war and peaceThere are few books I dislike, but I definitely do not remember with fondness the parts of War and Peace that I read.  Because I had placed it on my “bucket list,” I bought a paperback copy of the text about two years ago and dived eagerly into its contents.  I was not daunted by the 1200 pages the book includes—I expected to savor every single page because this novel is a “great classic,” right?  With a copy of the oh-so-scholarly Spark Notes for the novel close by, I began reading and reading and reading.  Before long, I realized I was spending an inordinate amount of time trying to figure out which character was saying what, or which character was doing what, or which character was going from one unfamiliar destination to another.  After all, many of the characters have more names and titles than any rational reader should have to keep straight.  My state of mind was not improved by the fact that the plot of this novel has much more to do with War than Peace.  My frustration increased to the point that I was at War with this novel much more often than at Peace.   One day when I simply could take it no more, I closed this “classic” for the last time. Finally, I was at Peace again!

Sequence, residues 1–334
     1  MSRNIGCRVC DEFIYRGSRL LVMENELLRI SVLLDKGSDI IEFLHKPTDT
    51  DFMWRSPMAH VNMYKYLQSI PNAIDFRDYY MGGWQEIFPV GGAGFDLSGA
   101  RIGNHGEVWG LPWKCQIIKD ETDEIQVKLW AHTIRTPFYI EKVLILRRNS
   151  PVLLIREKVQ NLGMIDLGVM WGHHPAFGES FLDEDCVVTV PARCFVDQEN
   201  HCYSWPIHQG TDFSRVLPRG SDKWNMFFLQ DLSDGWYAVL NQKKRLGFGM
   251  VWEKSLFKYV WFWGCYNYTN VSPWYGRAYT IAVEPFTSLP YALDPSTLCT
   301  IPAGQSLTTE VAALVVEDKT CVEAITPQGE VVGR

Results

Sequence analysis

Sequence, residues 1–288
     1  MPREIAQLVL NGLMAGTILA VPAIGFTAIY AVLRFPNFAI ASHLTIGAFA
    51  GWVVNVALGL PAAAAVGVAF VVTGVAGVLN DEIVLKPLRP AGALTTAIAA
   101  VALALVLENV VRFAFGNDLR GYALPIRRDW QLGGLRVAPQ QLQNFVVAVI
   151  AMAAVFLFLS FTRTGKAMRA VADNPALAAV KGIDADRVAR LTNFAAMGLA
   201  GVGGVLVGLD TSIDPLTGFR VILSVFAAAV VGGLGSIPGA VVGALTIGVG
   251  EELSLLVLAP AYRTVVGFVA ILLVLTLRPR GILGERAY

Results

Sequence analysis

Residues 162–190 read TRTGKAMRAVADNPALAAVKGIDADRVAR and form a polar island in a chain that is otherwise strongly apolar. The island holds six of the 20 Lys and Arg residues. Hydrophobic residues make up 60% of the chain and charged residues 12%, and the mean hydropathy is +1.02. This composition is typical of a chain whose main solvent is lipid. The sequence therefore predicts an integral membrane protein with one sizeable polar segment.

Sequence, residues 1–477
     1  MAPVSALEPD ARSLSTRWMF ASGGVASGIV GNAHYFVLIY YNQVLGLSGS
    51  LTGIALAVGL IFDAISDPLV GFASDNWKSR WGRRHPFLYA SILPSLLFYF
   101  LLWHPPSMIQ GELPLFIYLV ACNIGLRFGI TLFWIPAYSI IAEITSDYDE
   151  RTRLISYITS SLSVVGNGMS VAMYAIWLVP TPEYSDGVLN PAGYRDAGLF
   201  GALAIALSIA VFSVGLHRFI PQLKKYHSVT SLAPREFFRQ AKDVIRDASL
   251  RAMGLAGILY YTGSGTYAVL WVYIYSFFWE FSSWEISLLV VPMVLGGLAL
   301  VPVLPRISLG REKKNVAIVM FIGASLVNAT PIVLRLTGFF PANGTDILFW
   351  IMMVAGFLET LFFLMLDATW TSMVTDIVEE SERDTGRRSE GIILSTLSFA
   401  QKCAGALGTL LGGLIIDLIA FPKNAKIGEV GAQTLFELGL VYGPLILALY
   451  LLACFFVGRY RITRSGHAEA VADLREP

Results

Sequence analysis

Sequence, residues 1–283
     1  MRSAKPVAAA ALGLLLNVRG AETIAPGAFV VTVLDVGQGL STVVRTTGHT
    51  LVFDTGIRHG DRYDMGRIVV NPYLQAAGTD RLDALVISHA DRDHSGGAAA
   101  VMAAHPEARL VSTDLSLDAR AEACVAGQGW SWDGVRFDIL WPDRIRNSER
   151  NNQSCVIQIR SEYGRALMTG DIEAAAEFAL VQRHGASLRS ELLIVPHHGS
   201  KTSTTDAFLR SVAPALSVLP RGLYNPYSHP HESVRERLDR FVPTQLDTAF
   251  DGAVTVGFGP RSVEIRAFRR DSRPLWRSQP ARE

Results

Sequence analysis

You may agree or disagree with some of the selections and opinions of our faculty and staff, but I am sure there are some works that you personally dislike. Please comment below and tell us what your least favorite literary novel is and why.

*Images courtesy of Penguin Publishing USA and Random House Publishing

Toni Guest